The Importance of Discovery During an MSPB Appeal
August 18, 2014
During the discovery phase of a Merit Systems Protection Board (MSPB) appeal, it is very important for federal employees (Appellants) to request documents, recordings, video and/or electronic data from their federal agency. Discovery is the legal process in which a federal employee or an agency can legally obtain previously unknown information related to the MSPB appeal from the opposing party.
Types of Documents an Appellant Can Request
An Appellant can request various documents from a federal agency during the discovery phase of an MSPB appeal. The formal request is generally referred to as “Production of Documents and Things” (Production Requests) under 5 C.F.R. § 1201.72 (c). Production Requests can include items such as copies of relevant e-mail messages, policies, memorandums, correspondence, audio or video recordings, and copies of investigative reports, if they are relevant to a federal employee’s MSPB appeal. For instance, in disciplinary actions for federal employees we often request copies of e-mail messages between supervisors or investigators connected with the disciplinary investigation. Sometimes it may be possible to uncover bias, which was the root cause of a disciplinary action (and not the misconduct alleged), or other issues that can be instrumental in defending a federal employee in the MSPB appeals process.
Examples of Production Requests
The following are a few examples of how Production Requests can be used at the MSPB:
Example 1: A federal employee is removed from employment for allegedly assaulting another federal employee in the agency lobby.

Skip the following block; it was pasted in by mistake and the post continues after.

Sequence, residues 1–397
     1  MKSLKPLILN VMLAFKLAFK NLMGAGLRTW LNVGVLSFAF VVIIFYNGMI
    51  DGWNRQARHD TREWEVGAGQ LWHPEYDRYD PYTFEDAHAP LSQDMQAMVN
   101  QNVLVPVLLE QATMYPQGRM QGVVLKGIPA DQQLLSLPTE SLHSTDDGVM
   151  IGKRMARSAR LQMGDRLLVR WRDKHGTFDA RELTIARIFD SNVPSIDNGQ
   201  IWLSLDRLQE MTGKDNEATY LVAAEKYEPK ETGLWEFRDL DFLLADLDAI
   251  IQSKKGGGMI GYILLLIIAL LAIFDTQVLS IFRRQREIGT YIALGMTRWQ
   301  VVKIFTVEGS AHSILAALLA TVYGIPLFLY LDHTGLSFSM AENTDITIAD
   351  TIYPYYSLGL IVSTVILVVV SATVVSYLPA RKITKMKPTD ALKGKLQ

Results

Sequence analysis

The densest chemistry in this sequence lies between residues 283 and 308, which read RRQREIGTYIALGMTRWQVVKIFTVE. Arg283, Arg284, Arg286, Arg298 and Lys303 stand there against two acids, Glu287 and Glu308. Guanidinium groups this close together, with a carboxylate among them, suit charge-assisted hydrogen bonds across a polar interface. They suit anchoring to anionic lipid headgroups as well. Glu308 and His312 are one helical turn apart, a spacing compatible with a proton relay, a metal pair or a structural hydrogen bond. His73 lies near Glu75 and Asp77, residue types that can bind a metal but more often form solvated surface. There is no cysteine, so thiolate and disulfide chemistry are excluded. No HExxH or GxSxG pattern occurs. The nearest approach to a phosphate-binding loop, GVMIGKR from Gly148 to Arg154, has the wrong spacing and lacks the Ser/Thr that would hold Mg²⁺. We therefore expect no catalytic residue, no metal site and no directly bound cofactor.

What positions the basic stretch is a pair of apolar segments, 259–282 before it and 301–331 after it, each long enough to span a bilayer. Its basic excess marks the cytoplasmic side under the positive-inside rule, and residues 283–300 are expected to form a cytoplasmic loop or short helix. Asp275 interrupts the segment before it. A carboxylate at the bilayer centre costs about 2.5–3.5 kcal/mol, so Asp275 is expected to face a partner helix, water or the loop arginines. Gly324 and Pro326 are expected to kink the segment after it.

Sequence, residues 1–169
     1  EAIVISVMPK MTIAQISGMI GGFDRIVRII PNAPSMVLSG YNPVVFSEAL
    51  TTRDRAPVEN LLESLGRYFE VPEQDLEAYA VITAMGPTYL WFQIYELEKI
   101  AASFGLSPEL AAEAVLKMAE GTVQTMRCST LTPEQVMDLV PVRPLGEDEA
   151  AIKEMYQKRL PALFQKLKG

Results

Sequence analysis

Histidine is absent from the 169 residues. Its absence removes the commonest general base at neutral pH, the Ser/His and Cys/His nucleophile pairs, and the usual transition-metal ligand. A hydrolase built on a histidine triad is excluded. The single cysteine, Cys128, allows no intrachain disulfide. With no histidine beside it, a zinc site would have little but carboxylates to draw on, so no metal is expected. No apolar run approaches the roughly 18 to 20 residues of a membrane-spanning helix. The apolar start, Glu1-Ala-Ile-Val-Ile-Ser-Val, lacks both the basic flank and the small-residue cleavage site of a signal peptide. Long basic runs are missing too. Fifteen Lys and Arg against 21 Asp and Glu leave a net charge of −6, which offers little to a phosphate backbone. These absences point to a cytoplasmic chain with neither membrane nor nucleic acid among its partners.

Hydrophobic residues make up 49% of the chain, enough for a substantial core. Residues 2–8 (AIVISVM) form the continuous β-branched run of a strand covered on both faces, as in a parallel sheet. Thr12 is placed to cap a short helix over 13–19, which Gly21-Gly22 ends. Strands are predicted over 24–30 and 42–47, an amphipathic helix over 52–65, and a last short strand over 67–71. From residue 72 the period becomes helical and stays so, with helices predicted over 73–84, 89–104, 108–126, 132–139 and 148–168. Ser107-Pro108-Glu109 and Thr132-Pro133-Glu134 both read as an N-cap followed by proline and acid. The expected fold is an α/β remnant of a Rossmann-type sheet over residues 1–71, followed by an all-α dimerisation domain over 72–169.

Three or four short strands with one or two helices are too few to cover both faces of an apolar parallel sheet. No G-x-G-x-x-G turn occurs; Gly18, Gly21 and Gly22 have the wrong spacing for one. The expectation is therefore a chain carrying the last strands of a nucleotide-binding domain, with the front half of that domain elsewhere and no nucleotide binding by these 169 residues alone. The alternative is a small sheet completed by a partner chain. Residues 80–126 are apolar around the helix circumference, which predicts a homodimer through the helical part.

Production Request: A copy of all videotape footage of the federal agency’s lobby area during the date of the incident, all statements taken of witnesses to the event (not just those provided at the proposed removal stage), and any investigation summary or report prepared.
Example 2: A federal employee is removed from employment based on alleged dishonesty during an investigative interview.
Production Request: A copy of any video or audio recordings of the interview, any transcripts made, all of the questions asked by the investigators, and any summary, notes, e-mails or documents prepared by the investigator that references the interview.
Example 3: A federal employee is removed from employment for alleged sexual harassment at work.
Production Request: A copy of all witness statements taken by investigators as to the alleged sexual harassment, all recordings made of witness interviews, and all e-mails generated or received by the complainant that reference the alleged sexual harassment.
Utilizing the Production Request
It is important for a federal employee to take advantage of the discovery process during an MSPB appeal by utilizing Production Requests. The amount of information that one can uncover through this process can make all the difference in pursuing a successful appeal. Federal employees should not be under the impression that they have received all of the information available just because their federal agency had provided them with some information at the proposal stage (i.e., during a proposed removal).
Prior to a final decision, a federal agency is only required to provide an employee with the materials it has relied upon in proposing the action. This is not the same as providing an employee with all available information. For instance, an agency might provide a federal employee with all of the witness statements that demonstrate misconduct in a proposed removal case but not other witness statements that could help the employee disprove the conduct. This is one of the most important reasons that a federal employee should seek information through the discovery process.
When facing the MSPB discovery process, it is important for a federal employee to have legal advice and representation. Our law firm represents federal employees before the MSPB and can be contacted at www.berrylegal.com or by telephone at (703) 668-0070. Please also visit us on Facebook at www.facebook.com/BerryBerryPllc.